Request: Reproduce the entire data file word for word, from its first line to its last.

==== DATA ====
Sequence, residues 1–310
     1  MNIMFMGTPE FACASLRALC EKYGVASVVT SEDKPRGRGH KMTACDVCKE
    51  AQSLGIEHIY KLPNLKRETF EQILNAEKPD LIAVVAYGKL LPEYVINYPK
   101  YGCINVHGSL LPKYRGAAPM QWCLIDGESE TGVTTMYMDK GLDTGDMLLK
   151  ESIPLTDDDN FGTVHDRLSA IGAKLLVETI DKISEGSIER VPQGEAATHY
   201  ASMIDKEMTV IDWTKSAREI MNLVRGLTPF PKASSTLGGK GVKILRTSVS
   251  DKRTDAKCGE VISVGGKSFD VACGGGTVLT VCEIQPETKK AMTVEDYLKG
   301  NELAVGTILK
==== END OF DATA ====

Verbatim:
Sequence, residues 1–310
     1  MNIMFMGTPE FACASLRALC EKYGVASVVT SEDKPRGRGH KMTACDVCKE
    51  AQSLGIEHIY KLPNLKRETF EQILNAEKPD LIAVVAYGKL LPEYVINYPK
   101  YGCINVHGSL LPKYRGAAPM QWCLIDGESE TGVTTMYMDK GLDTGDMLLK
   151  ESIPLTDDDN FGTVHDRLSA IGAKLLVETI DKISEGSIER VPQGEAATHY
   201  ASMIDKEMTV IDWTKSAREI MNLVRGLTPF PKASSTLGGK GVKILRTSVS
   251  DKRTDAKCGE VISVGGKSFD VACGGGTVLT VCEIQPETKK AMTVEDYLKG
   301  NELAVGTILK